Congratulations to Jenny Henry who was nominated for the Passing It On – Educators’ Awards category. VOTE HERE
We asked her the following questions.
Tell us more about yourself
I’m a self-taught mandolinist who has played informally in Shetland for many years. I began teaching mandolin in May 2014 after Brian Nicholson of the High Level Music Centre in Lerwick eventually persuaded me that I was capable of doing it. High Level was moving to new, bigger premises and had room to expand and add more instruments to their teaching provision, so I agreed to teach part-time, in the evenings, and currently have pupils ranging in age from 11 to 70+.
Being the so-called ‘leader’ of the Shetland Mandolin Band is a voluntary role.
How long has your group been together?
The idea of a mandolin ‘orchestra’ has floated around for a few years when more than a few of us have been together in a session, but it was only after I began teaching and realised that there weren’t many sessions or group opportunities available for my pupils to attend, that weren’t dominated by fiddles, that I decided to try and set up what has become the ‘Shetland Mandolin Band’. I organised the first informal meeting in November 2015, and was delighted and surprised when 30 folk turned up with their mandolins, plus a guitar and double bass. We regularly have between 20 and 30 players attending our fortnightly get-togethers and usually have piano, bass and guitar accompaniment.
We welcome players of all abilities – no one is turned away – and try to provide easier parts and harmony lines etc that are suitable for the less-experienced players to pick up, although it’s not a teaching session and the beginners have to work hard and put in lots of practise. Non-music readers usually record the tunes they need to learn and we use social media a lot to share tunes. I also now base some of my teaching on the band’s very varied repertoire so my pupils benefit from that as well. We’re lucky to have the likes of Gary Peterson (Hom Bru) attending, which spurs on especially the younger players, and many in the group are accomplished musicians who have mandolin as a second (or even third) instrument, while others have emerged after years of playing ‘in the house’ to come along and enjoy tunes.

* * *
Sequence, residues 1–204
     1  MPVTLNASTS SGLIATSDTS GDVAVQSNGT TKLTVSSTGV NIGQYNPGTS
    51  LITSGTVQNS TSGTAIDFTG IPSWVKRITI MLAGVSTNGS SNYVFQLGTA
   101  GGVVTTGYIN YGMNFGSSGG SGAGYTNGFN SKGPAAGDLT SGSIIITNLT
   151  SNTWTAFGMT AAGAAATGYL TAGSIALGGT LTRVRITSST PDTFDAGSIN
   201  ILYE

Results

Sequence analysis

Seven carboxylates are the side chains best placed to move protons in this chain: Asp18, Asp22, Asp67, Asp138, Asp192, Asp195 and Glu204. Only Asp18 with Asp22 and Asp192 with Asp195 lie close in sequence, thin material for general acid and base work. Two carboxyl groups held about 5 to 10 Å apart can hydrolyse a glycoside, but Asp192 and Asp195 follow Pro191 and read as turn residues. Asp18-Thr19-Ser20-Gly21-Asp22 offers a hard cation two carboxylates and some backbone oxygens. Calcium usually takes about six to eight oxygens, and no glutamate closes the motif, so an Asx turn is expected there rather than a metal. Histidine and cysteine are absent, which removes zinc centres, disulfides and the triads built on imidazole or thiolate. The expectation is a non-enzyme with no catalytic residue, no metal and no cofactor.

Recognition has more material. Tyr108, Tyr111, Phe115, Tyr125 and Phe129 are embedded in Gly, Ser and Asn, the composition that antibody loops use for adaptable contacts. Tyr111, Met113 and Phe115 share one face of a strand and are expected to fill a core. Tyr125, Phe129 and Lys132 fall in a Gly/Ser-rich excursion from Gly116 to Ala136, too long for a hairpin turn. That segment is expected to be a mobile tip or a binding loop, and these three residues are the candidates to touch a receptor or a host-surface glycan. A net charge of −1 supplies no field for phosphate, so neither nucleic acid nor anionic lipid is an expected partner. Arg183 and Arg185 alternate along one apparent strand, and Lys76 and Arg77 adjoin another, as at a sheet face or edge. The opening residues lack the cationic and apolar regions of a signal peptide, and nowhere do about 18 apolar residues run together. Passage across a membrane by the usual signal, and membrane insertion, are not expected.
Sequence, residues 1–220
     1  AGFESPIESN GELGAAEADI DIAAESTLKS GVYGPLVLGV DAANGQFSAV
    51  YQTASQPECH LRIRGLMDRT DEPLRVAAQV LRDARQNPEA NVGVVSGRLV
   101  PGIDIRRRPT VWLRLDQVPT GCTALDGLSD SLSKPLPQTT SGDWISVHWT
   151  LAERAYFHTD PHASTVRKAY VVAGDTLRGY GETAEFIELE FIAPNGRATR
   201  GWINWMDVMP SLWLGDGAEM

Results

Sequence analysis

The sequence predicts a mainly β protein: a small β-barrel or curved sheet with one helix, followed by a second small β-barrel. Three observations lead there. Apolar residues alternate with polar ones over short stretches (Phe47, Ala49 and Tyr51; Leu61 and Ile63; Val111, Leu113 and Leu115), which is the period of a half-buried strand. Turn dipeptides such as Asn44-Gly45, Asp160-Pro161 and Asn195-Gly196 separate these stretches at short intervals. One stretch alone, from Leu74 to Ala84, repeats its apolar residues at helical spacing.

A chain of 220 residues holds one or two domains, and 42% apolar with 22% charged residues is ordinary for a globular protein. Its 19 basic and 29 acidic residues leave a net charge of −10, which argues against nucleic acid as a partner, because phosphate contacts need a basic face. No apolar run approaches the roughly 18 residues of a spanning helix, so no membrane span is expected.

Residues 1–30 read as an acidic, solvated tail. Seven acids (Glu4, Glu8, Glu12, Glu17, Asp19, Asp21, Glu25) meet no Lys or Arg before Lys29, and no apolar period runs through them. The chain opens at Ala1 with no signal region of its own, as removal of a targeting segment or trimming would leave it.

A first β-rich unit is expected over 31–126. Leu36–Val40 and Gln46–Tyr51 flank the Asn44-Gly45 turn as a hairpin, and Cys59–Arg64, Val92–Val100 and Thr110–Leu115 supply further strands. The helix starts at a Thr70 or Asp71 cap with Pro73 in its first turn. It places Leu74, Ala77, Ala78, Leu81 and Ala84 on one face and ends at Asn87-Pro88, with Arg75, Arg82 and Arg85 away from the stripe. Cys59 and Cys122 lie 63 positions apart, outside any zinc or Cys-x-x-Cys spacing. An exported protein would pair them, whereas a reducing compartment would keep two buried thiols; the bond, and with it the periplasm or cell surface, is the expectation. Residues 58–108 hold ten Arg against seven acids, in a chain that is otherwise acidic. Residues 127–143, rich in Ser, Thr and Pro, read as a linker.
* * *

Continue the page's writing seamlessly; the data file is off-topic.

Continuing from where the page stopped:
What have you/your group got planned for the next year?
We’re hoping to put on our own concert before the end of the year. We’ve got about 12 pieces that are up to performance level so we plan to invite a couple of other local acts and put on a show. Monies raised would possibly go towards the production of a CD, which has been requested by a few folk locally. We’re also hoping that we’ll be invited to take part in the 2018 Shetland Folk Festival so will be working on some new stuff for that. And we’ve had requests from some of the rural parts of Shetland to come and perform, but due to the numbers and logistics involved nothing has been confirmed as yet.
What has been the highlight of your journey thus far?
I think our performances and the audiences’ reaction at both our 2016 and 2017 Shetland Folk Festival appearances would have to be the highlights and made us realise that all the hard work learning and arranging tunes (some of which we might not necessarily like very much!) was very worthwhile. But seeing the diverse group of individuals come together and now be almost a ‘family band’ has been a personal highlight for me. New friendships have been made, there are now some of our older members who’ll meet for tunes on an afternoon, and those who’ll go for a pint! Seeing folk’s confidence grow, including my own, has also been very rewarding.
How does it feel to be nominated in this category?
I’m surprised and a bit embarrassed that someone has taken the time to nominate me, but I’m also grateful that they think I’m worthy of it. None of this would be happening without the support of the whole band though, so the nomination is really for us all.
Read more about Jenny Henry – Shetland Mandolin Band? at their website
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